Drivers’ visit to MacDill AFB turns into mutual admiration society

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TAMPA, Florida – Heroes, meet heroes.

A visit to MacDill Air Force Base by three NTT IndyCar Series drivers Thursday evolved into a meeting of mutual respect. Drivers expressed gratitude for the people who make U.S. Special Operations Command run around the clock, while those at USSOCOM paid respect for the skill of professional racers.

“It’s awesome,” said Conor Daly, who joined Ryan Hunter-Reay and Graham Rahal and Rahal’s wife, recently retired NHRA drag racer Courtney Force, on the four-hour tour. “Every day we appreciate what everyone is doing here, and it’s cool for us to be able to come out and actually say to them in person, ‘Hey, you guys are doing incredible work here, and we thank you for everything you’re doing.’

“The fact that they think what we do is cool is awesome, as well. To be able to share experiences from both sides – our experiences to them and their experiences to us – is something pretty special.”

The four racers toured USSOCOM facilities at MacDill AFB, located four miles south of downtown Tampa, in advance of this weekend’s Firestone Grand Prix of St. Petersburg, the 2019 NTT IndyCar Series season opener.

After visiting the Special Operations Memorial, a joint memorial that honors members of special operations forces of all U.S. military services, the drivers received a tour of NetOps, defined by the Department of Defense as the DoD-wide operational, organizational and technical capabilities for operating and defending the Global Information Grid.

MacDill AFB Ryan Hunter-Reay Graham RahalDrivers also viewed some of the latest technological advancements in the military, including emergency medical devices and improved body armor. The drivers and their hosts were reminded of the similarities of their work.

“There’s a lot of crossover,” Hunter-Reay said. “It’s merging into more and more similarities between the two. It’s amazing what they’re doing with simulators. It’s very similar to how we train with simulators in an Indy car. There’s a lot safety-wise that’s relative, too. What they’re doing with the troops really coincides with what we’re trying to do and what we are doing in INDYCAR.”

The most popular site was the parachute rigger shed, where drivers experienced virtual reality skydiving simulators. Wearing VR headsets and harnesses attached to a rig, Daly, Rahal and Hunter-Reay tried to land on a target from tens of thousands of feet in the virtual sky.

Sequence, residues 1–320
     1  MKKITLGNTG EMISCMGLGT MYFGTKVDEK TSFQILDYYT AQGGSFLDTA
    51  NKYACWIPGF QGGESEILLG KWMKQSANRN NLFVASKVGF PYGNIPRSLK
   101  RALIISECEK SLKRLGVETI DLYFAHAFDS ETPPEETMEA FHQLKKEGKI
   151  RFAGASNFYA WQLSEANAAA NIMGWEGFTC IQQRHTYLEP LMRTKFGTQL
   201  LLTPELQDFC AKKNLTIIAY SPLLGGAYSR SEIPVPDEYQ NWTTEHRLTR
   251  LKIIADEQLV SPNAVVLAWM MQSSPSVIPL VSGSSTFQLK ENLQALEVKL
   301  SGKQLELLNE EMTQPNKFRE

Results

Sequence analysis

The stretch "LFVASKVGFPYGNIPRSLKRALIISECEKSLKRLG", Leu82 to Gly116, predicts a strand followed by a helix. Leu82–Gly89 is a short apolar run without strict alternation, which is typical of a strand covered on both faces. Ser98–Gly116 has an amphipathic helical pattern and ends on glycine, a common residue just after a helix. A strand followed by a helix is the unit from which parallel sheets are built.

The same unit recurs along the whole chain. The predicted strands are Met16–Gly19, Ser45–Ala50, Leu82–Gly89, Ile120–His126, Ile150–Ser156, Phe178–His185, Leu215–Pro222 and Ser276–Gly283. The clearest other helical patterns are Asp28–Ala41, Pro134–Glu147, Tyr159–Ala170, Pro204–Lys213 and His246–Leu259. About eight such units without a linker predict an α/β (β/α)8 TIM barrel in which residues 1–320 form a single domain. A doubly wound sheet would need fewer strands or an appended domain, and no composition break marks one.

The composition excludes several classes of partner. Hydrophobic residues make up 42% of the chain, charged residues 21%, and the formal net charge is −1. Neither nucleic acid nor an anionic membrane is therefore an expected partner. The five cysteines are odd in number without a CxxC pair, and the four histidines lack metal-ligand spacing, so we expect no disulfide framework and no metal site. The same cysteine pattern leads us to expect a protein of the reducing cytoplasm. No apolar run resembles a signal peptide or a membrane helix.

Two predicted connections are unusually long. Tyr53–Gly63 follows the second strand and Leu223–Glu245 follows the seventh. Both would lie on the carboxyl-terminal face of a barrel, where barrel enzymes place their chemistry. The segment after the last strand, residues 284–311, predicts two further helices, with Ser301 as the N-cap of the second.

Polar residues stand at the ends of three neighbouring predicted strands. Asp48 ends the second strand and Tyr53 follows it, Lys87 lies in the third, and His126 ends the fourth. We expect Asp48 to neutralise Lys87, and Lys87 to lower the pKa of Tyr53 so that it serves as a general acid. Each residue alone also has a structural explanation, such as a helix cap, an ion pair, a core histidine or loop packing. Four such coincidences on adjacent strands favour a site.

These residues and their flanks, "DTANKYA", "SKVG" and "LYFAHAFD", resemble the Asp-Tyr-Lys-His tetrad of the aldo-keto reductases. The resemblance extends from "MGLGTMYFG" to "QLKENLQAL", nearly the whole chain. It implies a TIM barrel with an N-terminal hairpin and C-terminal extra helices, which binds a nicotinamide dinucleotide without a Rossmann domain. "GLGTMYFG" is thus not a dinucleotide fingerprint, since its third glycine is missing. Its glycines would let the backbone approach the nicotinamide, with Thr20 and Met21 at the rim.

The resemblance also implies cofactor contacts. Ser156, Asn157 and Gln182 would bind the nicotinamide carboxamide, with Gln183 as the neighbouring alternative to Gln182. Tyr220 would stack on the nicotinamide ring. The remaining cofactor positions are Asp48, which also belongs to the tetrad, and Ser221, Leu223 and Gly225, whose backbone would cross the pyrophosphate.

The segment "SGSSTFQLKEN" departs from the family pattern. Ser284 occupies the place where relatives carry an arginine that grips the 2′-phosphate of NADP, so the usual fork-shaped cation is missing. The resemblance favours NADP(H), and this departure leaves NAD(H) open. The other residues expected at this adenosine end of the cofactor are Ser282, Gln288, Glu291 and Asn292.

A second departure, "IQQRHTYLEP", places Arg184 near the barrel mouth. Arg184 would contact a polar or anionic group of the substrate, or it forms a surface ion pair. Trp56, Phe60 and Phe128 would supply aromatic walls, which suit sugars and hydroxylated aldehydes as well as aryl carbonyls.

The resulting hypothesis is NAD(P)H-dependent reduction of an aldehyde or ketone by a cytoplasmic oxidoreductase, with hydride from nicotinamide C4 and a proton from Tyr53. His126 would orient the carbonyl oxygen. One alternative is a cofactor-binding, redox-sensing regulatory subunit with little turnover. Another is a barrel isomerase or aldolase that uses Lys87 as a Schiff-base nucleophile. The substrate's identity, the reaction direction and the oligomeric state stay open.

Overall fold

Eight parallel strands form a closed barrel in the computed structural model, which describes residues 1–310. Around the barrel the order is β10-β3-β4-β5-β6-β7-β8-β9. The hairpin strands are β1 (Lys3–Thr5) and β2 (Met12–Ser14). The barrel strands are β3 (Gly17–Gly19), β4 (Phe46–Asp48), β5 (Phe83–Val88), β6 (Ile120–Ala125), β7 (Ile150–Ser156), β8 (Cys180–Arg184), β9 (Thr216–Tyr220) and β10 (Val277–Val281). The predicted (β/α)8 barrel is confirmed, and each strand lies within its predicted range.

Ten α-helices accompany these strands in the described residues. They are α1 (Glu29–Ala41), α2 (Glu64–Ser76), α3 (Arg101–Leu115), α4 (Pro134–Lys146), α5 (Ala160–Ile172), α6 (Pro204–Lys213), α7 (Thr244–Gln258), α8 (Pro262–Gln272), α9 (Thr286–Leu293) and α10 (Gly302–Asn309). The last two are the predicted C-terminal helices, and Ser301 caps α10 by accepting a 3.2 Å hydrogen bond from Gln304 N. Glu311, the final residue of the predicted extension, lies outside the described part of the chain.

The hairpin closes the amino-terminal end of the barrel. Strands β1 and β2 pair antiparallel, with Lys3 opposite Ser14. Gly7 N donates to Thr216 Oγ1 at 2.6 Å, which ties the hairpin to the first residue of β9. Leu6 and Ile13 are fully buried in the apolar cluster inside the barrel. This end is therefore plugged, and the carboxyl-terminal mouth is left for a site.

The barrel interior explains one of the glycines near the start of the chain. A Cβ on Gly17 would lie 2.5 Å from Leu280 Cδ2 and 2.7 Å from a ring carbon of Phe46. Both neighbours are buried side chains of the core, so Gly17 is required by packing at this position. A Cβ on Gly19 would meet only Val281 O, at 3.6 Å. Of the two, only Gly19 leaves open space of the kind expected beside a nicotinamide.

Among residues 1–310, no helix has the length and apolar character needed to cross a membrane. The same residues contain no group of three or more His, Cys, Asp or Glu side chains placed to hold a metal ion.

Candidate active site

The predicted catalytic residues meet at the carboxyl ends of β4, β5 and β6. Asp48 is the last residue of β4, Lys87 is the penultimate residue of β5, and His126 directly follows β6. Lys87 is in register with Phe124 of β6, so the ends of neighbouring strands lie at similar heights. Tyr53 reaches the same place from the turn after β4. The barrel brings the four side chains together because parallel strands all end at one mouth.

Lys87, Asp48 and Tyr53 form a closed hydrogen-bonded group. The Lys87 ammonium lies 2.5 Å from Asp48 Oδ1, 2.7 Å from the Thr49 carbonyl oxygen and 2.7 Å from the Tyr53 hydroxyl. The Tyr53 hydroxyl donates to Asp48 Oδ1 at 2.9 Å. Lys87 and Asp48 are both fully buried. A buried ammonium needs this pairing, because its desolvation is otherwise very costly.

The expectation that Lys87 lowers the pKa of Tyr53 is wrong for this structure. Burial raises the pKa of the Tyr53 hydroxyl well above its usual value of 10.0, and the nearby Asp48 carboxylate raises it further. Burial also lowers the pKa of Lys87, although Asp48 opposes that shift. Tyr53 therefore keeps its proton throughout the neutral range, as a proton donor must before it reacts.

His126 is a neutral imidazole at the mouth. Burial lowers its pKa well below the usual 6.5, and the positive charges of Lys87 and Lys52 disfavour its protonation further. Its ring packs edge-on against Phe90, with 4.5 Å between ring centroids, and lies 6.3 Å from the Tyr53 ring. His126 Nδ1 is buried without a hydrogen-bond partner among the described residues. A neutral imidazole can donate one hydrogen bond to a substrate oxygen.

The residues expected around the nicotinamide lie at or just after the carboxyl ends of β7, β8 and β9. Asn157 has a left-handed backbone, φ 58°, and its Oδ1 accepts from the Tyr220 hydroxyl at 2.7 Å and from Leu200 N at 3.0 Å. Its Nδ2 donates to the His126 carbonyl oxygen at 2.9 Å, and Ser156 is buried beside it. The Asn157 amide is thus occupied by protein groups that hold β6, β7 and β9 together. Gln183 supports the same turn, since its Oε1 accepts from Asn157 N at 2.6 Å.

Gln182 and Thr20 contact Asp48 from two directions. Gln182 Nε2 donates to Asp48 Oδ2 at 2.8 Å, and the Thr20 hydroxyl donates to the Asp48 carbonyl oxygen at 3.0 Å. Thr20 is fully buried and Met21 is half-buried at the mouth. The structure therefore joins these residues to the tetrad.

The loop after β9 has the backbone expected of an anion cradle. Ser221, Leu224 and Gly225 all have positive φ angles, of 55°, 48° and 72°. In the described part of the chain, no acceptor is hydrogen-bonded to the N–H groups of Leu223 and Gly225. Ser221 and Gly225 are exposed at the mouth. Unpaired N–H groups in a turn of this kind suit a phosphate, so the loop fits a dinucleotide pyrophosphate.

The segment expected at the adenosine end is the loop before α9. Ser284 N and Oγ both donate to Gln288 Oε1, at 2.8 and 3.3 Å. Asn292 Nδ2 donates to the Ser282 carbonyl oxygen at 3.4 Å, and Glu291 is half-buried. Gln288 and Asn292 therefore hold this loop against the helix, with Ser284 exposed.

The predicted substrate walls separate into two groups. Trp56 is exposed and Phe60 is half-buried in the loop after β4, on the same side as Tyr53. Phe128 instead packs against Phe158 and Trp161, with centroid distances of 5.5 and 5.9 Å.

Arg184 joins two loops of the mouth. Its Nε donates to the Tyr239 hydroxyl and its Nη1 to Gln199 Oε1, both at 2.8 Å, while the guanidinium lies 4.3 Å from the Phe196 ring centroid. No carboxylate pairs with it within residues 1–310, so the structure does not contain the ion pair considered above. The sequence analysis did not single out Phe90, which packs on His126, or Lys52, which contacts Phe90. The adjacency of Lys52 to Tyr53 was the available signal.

“I love this stuff,” Rahal said. “My whole life I’ve been obsessed with military stuff. It’s always been hugely interesting to me. My grandfather was in the Navy, so it’s really cool to see what they do. … It’s fun to be able to connect with them and talk to them. To be honest, they’re bigger heroes to me than they’d probably perceive. We all have to appreciate what they do, day in and day out.”

The most notable aspect of the visit was the reciprocated respect from military personnel. The drivers signed autographs, posed for photographs and answered questions about racing. Several military personnel stopped the drivers to say how closely they followed them. In turn, drivers told them to drop by and say hello during the race on the downtown St. Pete street circuit.

Time and again, drivers and military personnel pointed out the similarities in their occupations.

“It’s great to be able to meet all these people and learn behind the scenes what they do,” said Force, who retired in January as the most successful female Funny Car driver in NHRA history. “It compares a little bit to what we do – not to their level – but about the teamwork and trust and relying on people with your life. It was cool to see the technology they’re using to keep the military safer. It’s kind of like what we do in INDYCAR and NHRA. We’re looking for the next best thing to keep the drivers safe. It’s the same mindset.”

At the end of the tour, drivers expressed thanks to their hosts, who again returned the gratitude.

“We really appreciate what they do, and I think they see us as pretty unique athletes,” Hunter-Reay said. “It’s cool to blend the two worlds and learn about what goes on behind the scenes. I had no idea that so much was run behind the scenes here in the Bay Area. It was great to have access to some of these areas that are difficult to get into. This was an awesome opportunity.”

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